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Largest Oil Spill Yet

A person changing the oil on his/her truck
Above: Person changing their truck's oil. Credit: NASA

Quick quiz: what leaks more oil into the world's oceans each year - big oil tanker spills or individual vehicle owners changing their own engine oil? If you said big tanker spill, think again. Nearly nine times the amount of oil spilled from tankers and other transport vessels gets leaked into Earth's seas by do-it-yourself oil changes and other oil use.

About half of all oil that enters Earth's oceans comes from human activity - from mining, transporting, and using petroleum products. Overwhelmingly, the largest runoff of human-generated (anthropogenic) oil into oceans comes from the consumption of petroleum. Nearly 70 percent of global oil release from human sources and 85 percent of North American release arises from oil use, such as from car engines. That's about 140 million gallons of oil worldwide each year. Only about nine percent of human-related release results from transportation activities, including tanker spills.

Mississippi River Outlet Left Image: Terra satellite image of Mississippi River Sediment Plume. The Mississippi River drains more than 40 percent of the continental United States, carrying excess nutrients into the Gulf of Mexico. Decay of the resulting algal blooms consumes oxygen, kills shellfish and displaces fish in a 4,000 square mile bottom area off the coast of Louisiana and Texas, called the "dead zone." More information. Credit: NASA

The EPA estimated in 1989 that half of U.S. car owners change their own oil, but only a third of these properly dispose of the used oil. At an average of 5 quarts per change, that quickly adds up, as the National Research Council estimates that even five quarts can contaminate millions of gallons of water.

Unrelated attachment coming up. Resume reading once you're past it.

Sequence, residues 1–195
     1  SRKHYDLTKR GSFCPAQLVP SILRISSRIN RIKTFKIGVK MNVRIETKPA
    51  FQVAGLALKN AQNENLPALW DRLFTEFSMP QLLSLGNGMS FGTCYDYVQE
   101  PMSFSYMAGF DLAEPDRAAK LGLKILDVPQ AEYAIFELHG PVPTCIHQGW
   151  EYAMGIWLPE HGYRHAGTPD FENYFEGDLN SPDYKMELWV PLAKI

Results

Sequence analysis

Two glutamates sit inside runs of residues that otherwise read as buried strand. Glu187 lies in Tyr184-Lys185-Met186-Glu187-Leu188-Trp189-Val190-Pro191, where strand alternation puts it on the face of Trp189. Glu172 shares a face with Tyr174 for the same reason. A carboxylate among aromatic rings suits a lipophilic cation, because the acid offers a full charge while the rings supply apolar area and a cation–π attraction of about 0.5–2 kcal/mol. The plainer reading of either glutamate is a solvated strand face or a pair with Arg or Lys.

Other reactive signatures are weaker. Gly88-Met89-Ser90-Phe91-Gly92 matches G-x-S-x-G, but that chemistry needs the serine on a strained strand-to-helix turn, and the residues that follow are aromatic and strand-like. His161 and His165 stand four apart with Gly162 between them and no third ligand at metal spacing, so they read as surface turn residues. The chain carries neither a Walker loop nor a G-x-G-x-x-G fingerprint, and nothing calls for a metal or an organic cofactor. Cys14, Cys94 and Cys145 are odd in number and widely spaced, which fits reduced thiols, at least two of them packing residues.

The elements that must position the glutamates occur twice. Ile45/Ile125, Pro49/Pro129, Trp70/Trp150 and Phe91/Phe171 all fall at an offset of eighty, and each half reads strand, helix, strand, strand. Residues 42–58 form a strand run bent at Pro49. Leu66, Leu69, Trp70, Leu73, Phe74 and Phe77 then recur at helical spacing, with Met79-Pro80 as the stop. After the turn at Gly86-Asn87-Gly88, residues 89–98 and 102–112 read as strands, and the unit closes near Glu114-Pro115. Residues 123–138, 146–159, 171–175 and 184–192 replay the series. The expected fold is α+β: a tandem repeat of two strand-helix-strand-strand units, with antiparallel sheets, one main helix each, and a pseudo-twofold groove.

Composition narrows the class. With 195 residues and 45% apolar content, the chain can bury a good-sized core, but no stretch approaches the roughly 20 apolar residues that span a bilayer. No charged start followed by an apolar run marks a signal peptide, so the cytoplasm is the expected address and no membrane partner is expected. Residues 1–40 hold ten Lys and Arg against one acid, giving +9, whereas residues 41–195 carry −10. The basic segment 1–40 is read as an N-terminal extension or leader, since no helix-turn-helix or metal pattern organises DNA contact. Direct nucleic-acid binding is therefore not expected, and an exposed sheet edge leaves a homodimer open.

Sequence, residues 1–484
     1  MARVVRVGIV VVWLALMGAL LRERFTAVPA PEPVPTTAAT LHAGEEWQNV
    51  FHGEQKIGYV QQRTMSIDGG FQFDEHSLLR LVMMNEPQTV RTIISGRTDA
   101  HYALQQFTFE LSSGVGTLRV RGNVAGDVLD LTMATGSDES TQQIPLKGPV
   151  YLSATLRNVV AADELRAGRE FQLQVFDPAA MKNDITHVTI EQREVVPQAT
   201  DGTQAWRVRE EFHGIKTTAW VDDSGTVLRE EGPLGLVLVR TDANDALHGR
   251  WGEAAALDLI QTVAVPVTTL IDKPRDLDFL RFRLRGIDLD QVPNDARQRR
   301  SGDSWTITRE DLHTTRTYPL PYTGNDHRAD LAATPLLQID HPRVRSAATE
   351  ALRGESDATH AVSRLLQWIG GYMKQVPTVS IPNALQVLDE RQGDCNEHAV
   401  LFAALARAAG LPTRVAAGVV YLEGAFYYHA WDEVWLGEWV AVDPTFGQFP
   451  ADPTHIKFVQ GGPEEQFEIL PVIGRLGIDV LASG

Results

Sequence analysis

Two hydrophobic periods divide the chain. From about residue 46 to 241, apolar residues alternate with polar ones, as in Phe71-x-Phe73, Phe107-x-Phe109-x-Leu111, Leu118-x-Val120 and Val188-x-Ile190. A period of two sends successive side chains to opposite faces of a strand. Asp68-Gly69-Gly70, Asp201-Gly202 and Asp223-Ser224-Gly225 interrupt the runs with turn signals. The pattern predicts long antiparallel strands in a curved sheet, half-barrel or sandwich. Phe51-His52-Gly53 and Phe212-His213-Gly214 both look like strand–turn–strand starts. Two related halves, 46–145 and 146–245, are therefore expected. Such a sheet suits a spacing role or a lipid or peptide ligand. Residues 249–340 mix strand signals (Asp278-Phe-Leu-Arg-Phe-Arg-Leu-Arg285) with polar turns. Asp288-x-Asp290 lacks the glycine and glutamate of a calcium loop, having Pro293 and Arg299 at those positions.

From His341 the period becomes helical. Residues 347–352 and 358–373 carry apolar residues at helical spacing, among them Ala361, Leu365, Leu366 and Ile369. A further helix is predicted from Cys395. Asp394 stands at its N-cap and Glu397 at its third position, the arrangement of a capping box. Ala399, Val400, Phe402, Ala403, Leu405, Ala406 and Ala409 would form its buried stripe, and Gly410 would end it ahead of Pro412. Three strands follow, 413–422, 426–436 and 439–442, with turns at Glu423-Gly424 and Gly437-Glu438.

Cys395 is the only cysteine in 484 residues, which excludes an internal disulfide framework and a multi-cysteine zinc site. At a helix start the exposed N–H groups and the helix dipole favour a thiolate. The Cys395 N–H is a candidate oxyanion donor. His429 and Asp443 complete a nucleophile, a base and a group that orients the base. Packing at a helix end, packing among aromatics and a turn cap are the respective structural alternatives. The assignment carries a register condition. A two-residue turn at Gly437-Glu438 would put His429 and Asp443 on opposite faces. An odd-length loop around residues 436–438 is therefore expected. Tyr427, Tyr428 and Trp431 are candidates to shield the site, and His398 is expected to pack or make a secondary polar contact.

Natural seepage from the rocks beneath the sea floor accounts for the other half of oil entry into oceans, that which doesn't result from human activity. Natural seepage occurs over widespread areas of the sea floor, but oil from human sources concentrates at mouths of rivers where they empty into the ocean, threatening sensitive coastal areas. The anthropogenic oil doesn't originate at a single area, but rather washes from roads, parking lots, and driveways into storm and waste sewers and rivers that feed our oceans.

Oiled crow Right Image: Oiled crow in the hands of a rescue worker. Photo courtesy Exxon Valdez Oil Spill Trustee Council.

Over time, animals and plants adapted to the slow natural seepage, but the human activity-related drainage remains a problem. Every year, oily road runoff from a city of 5 million could contain as much oil as one large tanker spill. Two-stroke engines, found in pleasure boats, jet skis, and chainsaws, also provide a large source of oil pollution: each cycle of the engine leaks a little oil out of the combustion chamber. Exhaust from all types of engines contains particles of oil that settle and eventually find its way into the waterways.

Satellite image showing growth (green) in the ocean

Left: Satellite image of the oceans, showing ocean color. Green represents plankton growth. Click image to see movie. Credit: NASA/Orbimage

NASA satellite instruments such as the Sea-viewing Wide Field-of-View Sensor (SeaWiFS) on the Orbview-2 spacecraft, the Moderate resolution Imaging Spectroradiometer on the Terra and Aqua satellites, the Topex/Poseidon mission study the oceans from space. Their combined observations help monitor the health of the Earth's seas and establish baseline data against which scientists can compare new observations.

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Oil Pollution
Katie Stofer
NASA Goddard Space Flight Center